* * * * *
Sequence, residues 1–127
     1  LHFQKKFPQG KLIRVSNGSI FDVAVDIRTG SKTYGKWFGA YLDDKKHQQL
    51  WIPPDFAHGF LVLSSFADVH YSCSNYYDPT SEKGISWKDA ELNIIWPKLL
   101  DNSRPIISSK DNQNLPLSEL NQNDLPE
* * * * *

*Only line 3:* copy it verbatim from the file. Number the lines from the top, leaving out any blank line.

    51  WIPPDFAHGF LVLSSFADVH YSCSNYYDPT SEKGISWKDA ELNIIWPKLL